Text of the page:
The Oresteia

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Last Updated on May 6, 2015, by eNotes Editorial. Word Count: 470

In the first play, AGAMEMNON, the protagonist of that name returns home from the Trojan War with his beautiful prize of war, the Trojan princess Cassandra. Agamemnon’s wife Clytemnestra pretends to welcome him home gladly, but when he steps from his bath, she folds him in a large robe and stabs him to death. The helpless Cassandra, a prophetess of Apollo, foresees the fate of her master and her own murder as well, but no one understands her ravings. Clytemnestra flaunts her deeds before the chorus of elders as revenge for Agamemnon’s sacrifice of their daughter Iphegeneia to gain favorable winds to sail to Troy.

The second play, THE LIBATION BEARERS, focuses on the return of Orestes, Agamemnon’s son, his reunion with his grieving sister, Electra, and their plot to avenge the death of their father. When Orestes kills his mother, however, the Furies, terrible avengers from the underworld, drive Orestes from the scene in a fit of insane horror.

The third play, THE EUMENIDES (Benevolent Ones), is the trial of Orestes, who has sought the protection of the goddess Athena. She convenes a jury of 500 Athenian citizens to try the case. The god Apollo, who had goaded Orestes to avenge his father, defends the matricide. Orestes is acquitted, and Athena performs the more delicate task of persuading the resentful and dangerous Furies to assume a new role as honored protectors of the family.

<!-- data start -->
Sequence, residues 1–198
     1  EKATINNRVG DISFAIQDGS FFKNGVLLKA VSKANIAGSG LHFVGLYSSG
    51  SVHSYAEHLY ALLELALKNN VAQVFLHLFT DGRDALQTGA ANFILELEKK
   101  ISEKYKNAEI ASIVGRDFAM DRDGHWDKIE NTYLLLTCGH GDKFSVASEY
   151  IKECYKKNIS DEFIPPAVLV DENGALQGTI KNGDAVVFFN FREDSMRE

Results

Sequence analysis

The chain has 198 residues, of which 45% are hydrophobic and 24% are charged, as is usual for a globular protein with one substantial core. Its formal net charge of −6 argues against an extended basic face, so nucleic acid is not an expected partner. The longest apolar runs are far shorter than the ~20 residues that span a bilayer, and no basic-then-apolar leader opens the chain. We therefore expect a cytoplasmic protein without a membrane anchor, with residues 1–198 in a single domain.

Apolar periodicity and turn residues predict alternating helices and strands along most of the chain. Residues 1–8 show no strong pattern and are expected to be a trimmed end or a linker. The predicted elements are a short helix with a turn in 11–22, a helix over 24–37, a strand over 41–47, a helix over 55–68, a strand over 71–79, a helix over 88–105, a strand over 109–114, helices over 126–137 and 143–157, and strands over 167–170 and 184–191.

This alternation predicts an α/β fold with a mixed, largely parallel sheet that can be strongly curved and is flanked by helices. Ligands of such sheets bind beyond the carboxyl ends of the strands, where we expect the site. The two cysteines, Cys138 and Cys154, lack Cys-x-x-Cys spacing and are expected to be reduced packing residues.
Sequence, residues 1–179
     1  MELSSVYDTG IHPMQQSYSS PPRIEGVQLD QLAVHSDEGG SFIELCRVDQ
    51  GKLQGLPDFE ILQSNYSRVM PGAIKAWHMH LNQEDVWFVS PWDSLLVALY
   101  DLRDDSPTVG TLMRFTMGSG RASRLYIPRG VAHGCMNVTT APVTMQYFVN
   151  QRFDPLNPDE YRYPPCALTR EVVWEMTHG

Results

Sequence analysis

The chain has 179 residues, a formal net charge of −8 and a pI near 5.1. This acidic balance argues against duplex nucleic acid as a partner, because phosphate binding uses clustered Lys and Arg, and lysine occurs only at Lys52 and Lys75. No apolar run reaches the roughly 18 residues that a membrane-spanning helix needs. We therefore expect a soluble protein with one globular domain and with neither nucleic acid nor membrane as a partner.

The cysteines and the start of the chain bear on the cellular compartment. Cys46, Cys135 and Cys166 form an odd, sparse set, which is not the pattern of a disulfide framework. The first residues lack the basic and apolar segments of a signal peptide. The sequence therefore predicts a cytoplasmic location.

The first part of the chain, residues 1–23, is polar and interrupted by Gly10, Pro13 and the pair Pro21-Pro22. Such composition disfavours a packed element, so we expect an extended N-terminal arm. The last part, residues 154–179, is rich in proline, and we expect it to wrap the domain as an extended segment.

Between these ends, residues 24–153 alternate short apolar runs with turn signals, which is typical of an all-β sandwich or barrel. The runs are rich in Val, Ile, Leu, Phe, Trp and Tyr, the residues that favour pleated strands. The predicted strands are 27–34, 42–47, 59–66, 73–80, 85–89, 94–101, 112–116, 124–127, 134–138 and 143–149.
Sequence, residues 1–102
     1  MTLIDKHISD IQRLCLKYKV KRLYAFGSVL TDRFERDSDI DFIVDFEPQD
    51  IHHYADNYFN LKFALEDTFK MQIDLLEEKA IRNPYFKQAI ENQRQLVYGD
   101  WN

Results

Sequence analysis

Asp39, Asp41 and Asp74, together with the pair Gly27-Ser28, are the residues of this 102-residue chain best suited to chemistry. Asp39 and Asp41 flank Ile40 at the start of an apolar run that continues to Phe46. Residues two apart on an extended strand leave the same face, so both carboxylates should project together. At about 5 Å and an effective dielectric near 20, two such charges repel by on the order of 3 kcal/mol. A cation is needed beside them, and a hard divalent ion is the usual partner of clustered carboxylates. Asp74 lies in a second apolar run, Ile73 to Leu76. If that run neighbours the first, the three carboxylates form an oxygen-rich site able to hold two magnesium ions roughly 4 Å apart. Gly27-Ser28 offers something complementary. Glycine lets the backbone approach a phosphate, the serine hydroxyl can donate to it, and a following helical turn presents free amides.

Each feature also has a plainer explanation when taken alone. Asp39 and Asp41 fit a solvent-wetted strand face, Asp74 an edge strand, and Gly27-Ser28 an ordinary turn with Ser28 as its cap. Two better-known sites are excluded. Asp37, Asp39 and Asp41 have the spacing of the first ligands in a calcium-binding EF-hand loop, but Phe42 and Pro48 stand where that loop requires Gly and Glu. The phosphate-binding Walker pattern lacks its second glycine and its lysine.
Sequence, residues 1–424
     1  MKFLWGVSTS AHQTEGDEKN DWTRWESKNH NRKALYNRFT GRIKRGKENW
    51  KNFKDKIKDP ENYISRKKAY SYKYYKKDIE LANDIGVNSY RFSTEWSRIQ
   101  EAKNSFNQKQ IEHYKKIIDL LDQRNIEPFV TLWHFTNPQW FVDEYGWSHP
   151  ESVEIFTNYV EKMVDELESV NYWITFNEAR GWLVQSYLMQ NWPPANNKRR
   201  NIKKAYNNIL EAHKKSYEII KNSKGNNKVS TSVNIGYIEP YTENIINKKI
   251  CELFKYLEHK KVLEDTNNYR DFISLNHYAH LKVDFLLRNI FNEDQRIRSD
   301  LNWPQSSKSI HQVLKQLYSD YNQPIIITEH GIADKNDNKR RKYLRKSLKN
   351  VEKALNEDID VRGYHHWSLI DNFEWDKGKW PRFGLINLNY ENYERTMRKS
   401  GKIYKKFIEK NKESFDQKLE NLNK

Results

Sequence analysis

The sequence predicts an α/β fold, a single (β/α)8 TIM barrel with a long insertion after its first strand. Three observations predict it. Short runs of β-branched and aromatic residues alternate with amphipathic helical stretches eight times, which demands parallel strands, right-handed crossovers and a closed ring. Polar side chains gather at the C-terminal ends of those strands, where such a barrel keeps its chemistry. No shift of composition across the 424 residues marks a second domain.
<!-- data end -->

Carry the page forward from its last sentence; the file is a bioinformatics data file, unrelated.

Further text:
The first two plays reveal how violence begets violence, each avenger mistakenly believing that he or she has restored moral order in the world. The last play is more philosophical, suggesting a reconciliation between the old gods and men and a more compassionate approach to complex moral situations.


Gagarin, Michael. Aeschylean Drama. Berkeley: University of California Press, 1976. An accessible and worthwhile source for the nonspecialist. Clearly written and argued, with helpful notes and a bibliography. Includes two excellent chapters devoted to The Oresteia.

Goldhill, Simon. Aeschylus: “The Oresteia.” Cambridge, England: Cambridge University Press, 1992. A short but highly informative book by a leading scholar in the field of Greek drama. An ideal introduction to the Oresteia. Especially good discussion of the social contexts for the plays.

Herrington, John. Aeschylus. New Haven, Conn.: Yale University Press, 1986. Designed for the nonspecialist. Part 1 provides background for Aeschylus’ plays, and part 2 discusses the seven existing plays in detail. Discusses the Oresteia as the reconciliation of male and female principles.

Rosenmeyer, Thomas G. The Art of Aeschylus. Berkeley: University of California Press, 1982. Intended for the somewhat advanced student of Greek drama, but includes an excellent discussion of Aeschylus’ stagecraft which is accessible to the general reader as well. Includes a useful selected bibliography.

Spatz, Lois. Aeschylus. Boston: Twayne, 1982. A serviceable introduction to the plays of Aeschylus. Includes a fifty-page discussion of the Oresteia and a useful annotated bibliography.

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